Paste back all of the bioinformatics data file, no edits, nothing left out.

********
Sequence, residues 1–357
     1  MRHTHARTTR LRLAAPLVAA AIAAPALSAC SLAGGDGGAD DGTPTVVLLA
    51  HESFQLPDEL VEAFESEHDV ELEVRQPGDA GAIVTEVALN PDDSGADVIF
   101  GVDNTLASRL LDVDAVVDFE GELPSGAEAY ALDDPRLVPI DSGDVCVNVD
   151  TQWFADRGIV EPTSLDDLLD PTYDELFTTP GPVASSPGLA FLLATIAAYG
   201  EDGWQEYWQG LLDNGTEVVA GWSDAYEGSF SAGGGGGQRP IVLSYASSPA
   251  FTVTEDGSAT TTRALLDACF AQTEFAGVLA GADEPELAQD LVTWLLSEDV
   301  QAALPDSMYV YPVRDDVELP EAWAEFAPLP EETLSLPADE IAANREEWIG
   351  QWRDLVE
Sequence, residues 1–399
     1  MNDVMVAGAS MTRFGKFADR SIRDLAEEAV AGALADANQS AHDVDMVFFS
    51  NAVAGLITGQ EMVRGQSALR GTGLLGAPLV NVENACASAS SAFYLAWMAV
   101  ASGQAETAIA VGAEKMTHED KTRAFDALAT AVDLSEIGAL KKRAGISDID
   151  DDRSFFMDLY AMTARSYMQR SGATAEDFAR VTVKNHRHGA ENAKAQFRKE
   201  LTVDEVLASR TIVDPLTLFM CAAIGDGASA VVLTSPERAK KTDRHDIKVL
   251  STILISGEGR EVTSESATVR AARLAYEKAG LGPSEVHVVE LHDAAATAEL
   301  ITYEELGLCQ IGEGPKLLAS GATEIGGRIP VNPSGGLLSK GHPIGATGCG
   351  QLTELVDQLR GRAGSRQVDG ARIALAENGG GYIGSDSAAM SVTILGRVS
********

Sequence, residues 1–357
     1  MRHTHARTTR LRLAAPLVAA AIAAPALSAC SLAGGDGGAD DGTPTVVLLA
    51  HESFQLPDEL VEAFESEHDV ELEVRQPGDA GAIVTEVALN PDDSGADVIF
   101  GVDNTLASRL LDVDAVVDFE GELPSGAEAY ALDDPRLVPI DSGDVCVNVD
   151  TQWFADRGIV EPTSLDDLLD PTYDELFTTP GPVASSPGLA FLLATIAAYG
   201  EDGWQEYWQG LLDNGTEVVA GWSDAYEGSF SAGGGGGQRP IVLSYASSPA
   251  FTVTEDGSAT TTRALLDACF AQTEFAGVLA GADEPELAQD LVTWLLSEDV
   301  QAALPDSMYV YPVRDDVELP EAWAEFAPLP EETLSLPADE IAANREEWIG
   351  QWRDLVE
Sequence, residues 1–399
     1  MNDVMVAGAS MTRFGKFADR SIRDLAEEAV AGALADANQS AHDVDMVFFS
    51  NAVAGLITGQ EMVRGQSALR GTGLLGAPLV NVENACASAS SAFYLAWMAV
   101  ASGQAETAIA VGAEKMTHED KTRAFDALAT AVDLSEIGAL KKRAGISDID
   151  DDRSFFMDLY AMTARSYMQR SGATAEDFAR VTVKNHRHGA ENAKAQFRKE
   201  LTVDEVLASR TIVDPLTLFM CAAIGDGASA VVLTSPERAK KTDRHDIKVL
   251  STILISGEGR EVTSESATVR AARLAYEKAG LGPSEVHVVE LHDAAATAEL
   301  ITYEELGLCQ IGEGPKLLAS GATEIGGRIP VNPSGGLLSK GHPIGATGCG
   351  QLTELVDQLR GRAGSRQVDG ARIALAENGG GYIGSDSAAM SVTILGRVS